“Living at Night”

Speight’s voice absolutely shines in “Living at Night.” It feels like an absolute anthem you want to sing along to — “Woah-ohhh-oh.” This song makes want to dance, to go out, maybe head to a Dick Jr. & The Volunteers concert — basically celebrate everything the night has to offer. I also like that this track goes beyond country. It feels like a little bit of oldies, a little classic rock, with splashes pop mixed in. It makes it feel like no matter the genre you lean towards, this is the track for you! I know I’ve got it on repeat! -Melanie

Image courtesy of Richard Speight, Jr.

“Cautionary Fairytale”

Written and subtly backed up by Speight’s own best friend, Rob Benedict, this was the song I was most looking forward to. The lyrics are very distinctly Benedict’s — with his poetic touch we recognize from the numerous albums with his band Louden Swain. The music is also much simpler than many of the others, letting the harmony of their two voices really take over, and what a great little four minutes of blissful contentment this one gave me. It had that power to shut out everything else going on around me, which is no easy feat. It’s slow, light, and heartfelt, which are always the makings of a great tune. This one will make it onto your potpourri playlists and you’ll find yourself coming back to in time and time again, I guarantee it. And it only heightens our hopes of hearing more original content from these two sometime in the future. -Kaity

“Goin’ Straight”

“Goin’ Straight” is an original track, and it’s a wonderful example of the sheer amount of effort and dedication Dick Jr. and the Volunteers put in for this project. We all know that Speight is a talented musician that has performed countless incredible covers of songs, but getting a chance to see what he’s capable of when challenged with crafting a song of his own is one of the very special things about this record. From start to finish, this song feels like an upbeat, fun, and polished tune that I would easily expect to hear on the radio. Emma Fitzpatrick joins Speight on vocals for this one, and their voices play off of one another in such a wonderful way that it’s almost disappointing when the track eventually has to come to an end (but that’s what the repeat button is for, right?) -Lindsey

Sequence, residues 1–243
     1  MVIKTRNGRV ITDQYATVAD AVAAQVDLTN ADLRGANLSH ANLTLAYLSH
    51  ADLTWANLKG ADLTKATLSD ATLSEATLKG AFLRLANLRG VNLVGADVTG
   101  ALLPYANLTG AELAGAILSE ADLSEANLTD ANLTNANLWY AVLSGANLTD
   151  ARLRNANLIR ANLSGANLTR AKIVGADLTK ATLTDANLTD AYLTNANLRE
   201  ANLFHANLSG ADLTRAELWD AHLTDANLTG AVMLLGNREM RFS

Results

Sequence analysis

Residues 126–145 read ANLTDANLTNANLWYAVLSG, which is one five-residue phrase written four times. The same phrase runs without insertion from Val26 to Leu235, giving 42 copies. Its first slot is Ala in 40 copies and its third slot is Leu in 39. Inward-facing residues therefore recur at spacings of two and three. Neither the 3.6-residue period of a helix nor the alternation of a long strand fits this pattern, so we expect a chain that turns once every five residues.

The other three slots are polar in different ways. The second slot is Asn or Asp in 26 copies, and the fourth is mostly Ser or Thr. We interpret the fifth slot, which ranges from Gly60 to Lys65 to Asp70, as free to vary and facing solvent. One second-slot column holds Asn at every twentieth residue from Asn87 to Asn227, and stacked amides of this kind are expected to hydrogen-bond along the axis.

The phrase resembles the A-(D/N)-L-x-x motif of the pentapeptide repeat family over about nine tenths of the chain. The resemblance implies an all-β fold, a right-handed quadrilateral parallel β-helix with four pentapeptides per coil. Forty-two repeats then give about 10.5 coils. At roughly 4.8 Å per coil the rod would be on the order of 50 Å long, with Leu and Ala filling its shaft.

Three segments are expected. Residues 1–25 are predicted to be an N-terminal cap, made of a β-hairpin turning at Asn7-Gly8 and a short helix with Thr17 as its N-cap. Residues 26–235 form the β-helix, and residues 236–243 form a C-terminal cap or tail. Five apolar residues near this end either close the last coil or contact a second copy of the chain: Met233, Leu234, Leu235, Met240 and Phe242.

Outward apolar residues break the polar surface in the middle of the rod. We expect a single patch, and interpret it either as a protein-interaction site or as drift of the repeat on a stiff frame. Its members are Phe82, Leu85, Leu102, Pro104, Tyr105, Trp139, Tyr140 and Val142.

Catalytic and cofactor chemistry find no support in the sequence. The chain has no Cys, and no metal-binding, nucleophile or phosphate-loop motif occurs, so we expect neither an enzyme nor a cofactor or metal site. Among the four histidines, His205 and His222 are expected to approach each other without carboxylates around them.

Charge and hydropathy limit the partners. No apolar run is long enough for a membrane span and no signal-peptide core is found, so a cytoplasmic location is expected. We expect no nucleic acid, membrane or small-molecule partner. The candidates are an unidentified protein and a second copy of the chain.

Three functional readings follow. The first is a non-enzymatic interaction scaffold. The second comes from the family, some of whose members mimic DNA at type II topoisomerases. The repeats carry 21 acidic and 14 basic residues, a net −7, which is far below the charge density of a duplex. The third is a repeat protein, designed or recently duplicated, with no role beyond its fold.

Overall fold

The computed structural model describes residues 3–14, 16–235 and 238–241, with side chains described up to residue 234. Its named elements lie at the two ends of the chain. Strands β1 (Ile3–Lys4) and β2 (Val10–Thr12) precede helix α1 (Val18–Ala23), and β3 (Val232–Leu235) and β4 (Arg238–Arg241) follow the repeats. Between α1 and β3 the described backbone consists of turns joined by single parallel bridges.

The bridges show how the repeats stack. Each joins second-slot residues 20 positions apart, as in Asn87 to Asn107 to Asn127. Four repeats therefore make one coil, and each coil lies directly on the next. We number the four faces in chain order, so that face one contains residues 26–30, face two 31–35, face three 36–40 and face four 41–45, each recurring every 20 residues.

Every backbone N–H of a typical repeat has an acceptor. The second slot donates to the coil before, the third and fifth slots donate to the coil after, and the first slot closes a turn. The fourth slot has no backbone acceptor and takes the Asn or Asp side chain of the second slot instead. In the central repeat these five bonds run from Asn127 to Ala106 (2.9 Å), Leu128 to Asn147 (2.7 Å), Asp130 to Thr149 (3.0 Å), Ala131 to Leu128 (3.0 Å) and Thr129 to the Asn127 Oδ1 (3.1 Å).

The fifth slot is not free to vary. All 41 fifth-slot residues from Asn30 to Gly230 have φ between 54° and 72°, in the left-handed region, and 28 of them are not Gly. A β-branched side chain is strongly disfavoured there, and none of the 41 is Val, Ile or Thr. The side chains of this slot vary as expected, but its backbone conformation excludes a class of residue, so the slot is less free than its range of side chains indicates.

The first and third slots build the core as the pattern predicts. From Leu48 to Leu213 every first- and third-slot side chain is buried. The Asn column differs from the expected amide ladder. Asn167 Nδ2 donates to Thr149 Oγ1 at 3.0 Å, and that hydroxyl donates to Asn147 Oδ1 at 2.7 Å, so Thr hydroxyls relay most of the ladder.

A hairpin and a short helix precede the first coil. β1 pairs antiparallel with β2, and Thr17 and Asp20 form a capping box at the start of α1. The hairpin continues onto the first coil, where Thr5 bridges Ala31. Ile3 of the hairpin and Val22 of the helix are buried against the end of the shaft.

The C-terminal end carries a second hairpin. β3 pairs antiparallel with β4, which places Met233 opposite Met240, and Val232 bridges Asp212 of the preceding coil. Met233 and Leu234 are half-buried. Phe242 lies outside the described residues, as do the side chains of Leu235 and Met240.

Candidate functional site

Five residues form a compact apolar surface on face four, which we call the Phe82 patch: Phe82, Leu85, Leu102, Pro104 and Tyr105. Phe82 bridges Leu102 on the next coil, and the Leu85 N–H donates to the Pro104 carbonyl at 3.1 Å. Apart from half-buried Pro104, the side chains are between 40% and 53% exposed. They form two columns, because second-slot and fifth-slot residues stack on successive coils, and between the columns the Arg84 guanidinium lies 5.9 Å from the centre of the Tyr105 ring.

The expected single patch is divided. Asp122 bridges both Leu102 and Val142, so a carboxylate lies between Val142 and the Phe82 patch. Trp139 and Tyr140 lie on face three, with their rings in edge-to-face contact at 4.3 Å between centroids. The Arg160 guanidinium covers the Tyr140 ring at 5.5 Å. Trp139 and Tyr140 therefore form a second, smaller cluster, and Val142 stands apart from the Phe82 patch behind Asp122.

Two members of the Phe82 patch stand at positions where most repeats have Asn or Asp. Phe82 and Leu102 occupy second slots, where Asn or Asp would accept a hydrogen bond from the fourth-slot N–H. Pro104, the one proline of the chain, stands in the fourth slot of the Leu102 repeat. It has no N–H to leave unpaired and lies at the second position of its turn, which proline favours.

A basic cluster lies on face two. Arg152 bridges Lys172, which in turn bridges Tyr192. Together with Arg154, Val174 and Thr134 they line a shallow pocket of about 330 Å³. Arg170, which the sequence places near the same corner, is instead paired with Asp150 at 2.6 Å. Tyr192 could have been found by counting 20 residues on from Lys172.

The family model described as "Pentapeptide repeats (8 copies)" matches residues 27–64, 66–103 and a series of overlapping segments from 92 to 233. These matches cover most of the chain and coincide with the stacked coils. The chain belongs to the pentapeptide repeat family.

“In The Pines”

I don’t know about you, but this one gives me goosebumps. Speight’s spin on this folk tune is hauntingly beautiful. I think it’s a testament to just how much effort went into making each of the covers on this album something of his own. It’s slow, methodical, and every strum of the guitar is poignant and strong. The slight alteration to Speight’s voice gives it that extra bit to really make it hit home. Showcasing that gravelly country twang we’ve now come to love as we get to the final song on this perfect album, it’s a flawless end to the journey Speight has taken us on through his musical tastes and talents. -Kaity

Image courtesy of Richard Speight, Jr.

We also want to take a second to thank everyone who made this long wished for album a reality: Jason Manns, Rob Benedict, Emma Fitzgerald, Billy Moran, Cooper Appelt, Zachary Ross, Molly Rogers, and Rob Humphreys, and of course, the man himself, Richard Speight, Jr. You can listen to The Dance and How to Do It on all major platforms now.

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By Kaity Co-Director
Kaity started with Harry Potter in second grade and it’s been a losing battle ever since, or maybe a winning one ... She lives in New England with a small herd of cats, two dogs, three chinchillas, and one daughter. You can definitely find her either watching anime, reading manga, or playing the same five video games over and over again. Contact: